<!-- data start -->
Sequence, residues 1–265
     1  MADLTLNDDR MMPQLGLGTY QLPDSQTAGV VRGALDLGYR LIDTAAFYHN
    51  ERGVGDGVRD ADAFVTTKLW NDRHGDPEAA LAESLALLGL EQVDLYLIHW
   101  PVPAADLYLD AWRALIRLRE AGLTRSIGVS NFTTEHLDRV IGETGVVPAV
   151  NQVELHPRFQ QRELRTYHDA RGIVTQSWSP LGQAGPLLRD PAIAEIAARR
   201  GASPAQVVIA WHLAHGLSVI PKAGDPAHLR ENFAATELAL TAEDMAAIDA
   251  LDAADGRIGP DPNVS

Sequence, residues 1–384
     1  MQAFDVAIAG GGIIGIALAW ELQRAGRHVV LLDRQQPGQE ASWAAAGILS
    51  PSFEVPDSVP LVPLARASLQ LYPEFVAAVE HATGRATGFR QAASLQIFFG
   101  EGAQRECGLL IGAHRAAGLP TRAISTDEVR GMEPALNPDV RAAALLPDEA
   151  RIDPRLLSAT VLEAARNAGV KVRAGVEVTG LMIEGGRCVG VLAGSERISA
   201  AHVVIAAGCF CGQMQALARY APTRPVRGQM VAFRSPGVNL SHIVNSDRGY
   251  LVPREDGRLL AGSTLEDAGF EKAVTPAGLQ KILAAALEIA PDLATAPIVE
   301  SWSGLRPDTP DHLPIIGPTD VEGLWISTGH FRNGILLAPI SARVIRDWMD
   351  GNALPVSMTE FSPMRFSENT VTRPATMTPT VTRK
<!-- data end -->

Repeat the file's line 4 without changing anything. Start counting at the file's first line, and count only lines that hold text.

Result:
   101  PVPAADLYLD AWRALIRLRE AGLTRSIGVS NFTTEHLDRV IGETGVVPAV